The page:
USC men’s golf struggles at Maridoe Invitational

USC finished 14th out of 15 teams in its second tournament of the season.

A photo of USC freshman golfer Jackson Rivera swinging a driver.

USC faced off against 14 of the top Division I men’s golf teams Monday through Wednesday at the Maridoe Invitational in Carrollton, Texas.

It was a long three days full of struggles for the USC men’s golf team. After shooting a combined 21-over par on Monday, USC could not get things clicking throughout the rest of the week, finishing at a disappointing 14th place with a score of 70-over-par. No. 5 Texas won the 54-hole stroke play event, posting a combined 3-under-par.

The bright spot of the week was freshman Jackson Rivera, who shot the lowest score among USC’s starters for the second straight time in as many starts.

“He is going to be a star for us and play a lot of good golf for USC,” head coach J.T. Higgins said after the tournament.

Rivera was a four-time Rolex All-American and the No. 2-ranked junior golfer in California coming out of Torrey Pines High School in San Diego.

He started the tournament off on a good note with three birdies in his first nine holes. Despite also hitting a few bogeys along the back nine, he was still able to finish Round 1 with a respectable score of 2-over 74.

Rivera could not improve upon his solid start on Day 2, finishing with a 4-over 76, but he represented the Trojans well and finished Day 3 of the tournament with an overall score of 224 (74-76-74), tied for 28th among the 75 participants.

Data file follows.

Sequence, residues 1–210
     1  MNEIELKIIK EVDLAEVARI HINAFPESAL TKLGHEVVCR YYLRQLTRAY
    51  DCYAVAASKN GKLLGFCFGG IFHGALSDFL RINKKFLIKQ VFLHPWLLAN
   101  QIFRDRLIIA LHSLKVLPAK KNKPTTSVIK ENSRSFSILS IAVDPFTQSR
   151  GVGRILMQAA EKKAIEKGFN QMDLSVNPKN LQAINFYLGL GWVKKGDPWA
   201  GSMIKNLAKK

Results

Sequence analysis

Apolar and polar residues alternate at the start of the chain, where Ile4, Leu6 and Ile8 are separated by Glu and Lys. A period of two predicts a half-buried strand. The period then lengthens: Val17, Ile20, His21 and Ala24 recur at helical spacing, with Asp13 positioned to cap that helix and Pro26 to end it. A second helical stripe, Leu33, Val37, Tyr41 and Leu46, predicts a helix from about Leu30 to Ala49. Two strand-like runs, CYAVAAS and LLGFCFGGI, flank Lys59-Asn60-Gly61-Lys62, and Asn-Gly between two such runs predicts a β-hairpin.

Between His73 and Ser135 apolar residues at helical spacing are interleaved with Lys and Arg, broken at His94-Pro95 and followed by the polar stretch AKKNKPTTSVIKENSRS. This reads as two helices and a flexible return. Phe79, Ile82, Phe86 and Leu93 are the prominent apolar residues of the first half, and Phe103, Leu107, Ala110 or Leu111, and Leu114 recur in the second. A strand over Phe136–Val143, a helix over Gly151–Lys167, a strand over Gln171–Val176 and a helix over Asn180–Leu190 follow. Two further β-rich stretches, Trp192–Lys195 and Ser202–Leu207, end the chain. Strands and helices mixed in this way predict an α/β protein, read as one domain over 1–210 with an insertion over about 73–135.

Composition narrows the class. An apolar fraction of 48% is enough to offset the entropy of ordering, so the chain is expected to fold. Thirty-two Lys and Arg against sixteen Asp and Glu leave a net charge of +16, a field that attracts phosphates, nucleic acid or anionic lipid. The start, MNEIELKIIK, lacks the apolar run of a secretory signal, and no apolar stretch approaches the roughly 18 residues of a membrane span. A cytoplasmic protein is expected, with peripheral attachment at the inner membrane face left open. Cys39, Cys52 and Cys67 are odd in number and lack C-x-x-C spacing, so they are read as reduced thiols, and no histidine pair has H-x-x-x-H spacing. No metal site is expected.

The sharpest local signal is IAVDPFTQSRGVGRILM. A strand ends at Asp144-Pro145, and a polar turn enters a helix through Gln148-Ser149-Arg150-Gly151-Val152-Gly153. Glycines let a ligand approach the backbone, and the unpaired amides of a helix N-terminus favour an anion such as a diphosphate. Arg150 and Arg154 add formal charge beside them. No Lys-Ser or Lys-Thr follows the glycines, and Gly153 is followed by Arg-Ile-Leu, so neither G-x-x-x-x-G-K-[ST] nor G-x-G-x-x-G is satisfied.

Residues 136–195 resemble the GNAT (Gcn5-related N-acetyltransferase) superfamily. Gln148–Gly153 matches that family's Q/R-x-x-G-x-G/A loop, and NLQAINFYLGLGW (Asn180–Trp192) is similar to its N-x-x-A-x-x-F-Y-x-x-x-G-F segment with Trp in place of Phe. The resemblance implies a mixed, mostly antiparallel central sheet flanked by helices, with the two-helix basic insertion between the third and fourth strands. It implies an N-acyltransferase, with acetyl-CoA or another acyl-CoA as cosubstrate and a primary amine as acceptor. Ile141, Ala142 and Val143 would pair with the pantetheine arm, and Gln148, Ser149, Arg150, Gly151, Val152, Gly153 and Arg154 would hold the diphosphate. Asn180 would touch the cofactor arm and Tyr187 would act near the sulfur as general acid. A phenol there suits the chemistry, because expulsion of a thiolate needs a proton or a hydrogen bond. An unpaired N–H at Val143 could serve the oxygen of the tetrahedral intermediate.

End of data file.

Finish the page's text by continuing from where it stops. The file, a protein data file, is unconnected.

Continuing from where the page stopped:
Rivera is not the only new player making strides for the Trojans; the young team has seven newcomers on the roster, four of whom are freshmen. All four freshmen started for the Trojans this week.

However, Higgins said the Trojans’ inexperience and lack of mental fortitude cost them on the course.

“We’re young, but that’s no excuse; physically we have all the tools and in practice and in qualifiers we look fantastic, and we just haven’t taken it to the golf course at all,” Higgins said. “That’s a sign of our mental toughness and emotional maturity and we just got a long ways to go.”

After the performance, USC will look to improve on all aspects of its game. Higgins looks to especially focus on the mental side and simply keeping the ball in play off the tee. Maridoe was an exceptionally difficult golf course with crosswinds and trouble at every hole. Still, USC has far too much talent on its roster to be finishing second to last in any tournament.

USC will return home for two weeks before heading back to Texas for the Colonial Invitational in Fort Worth Oct. 4-5.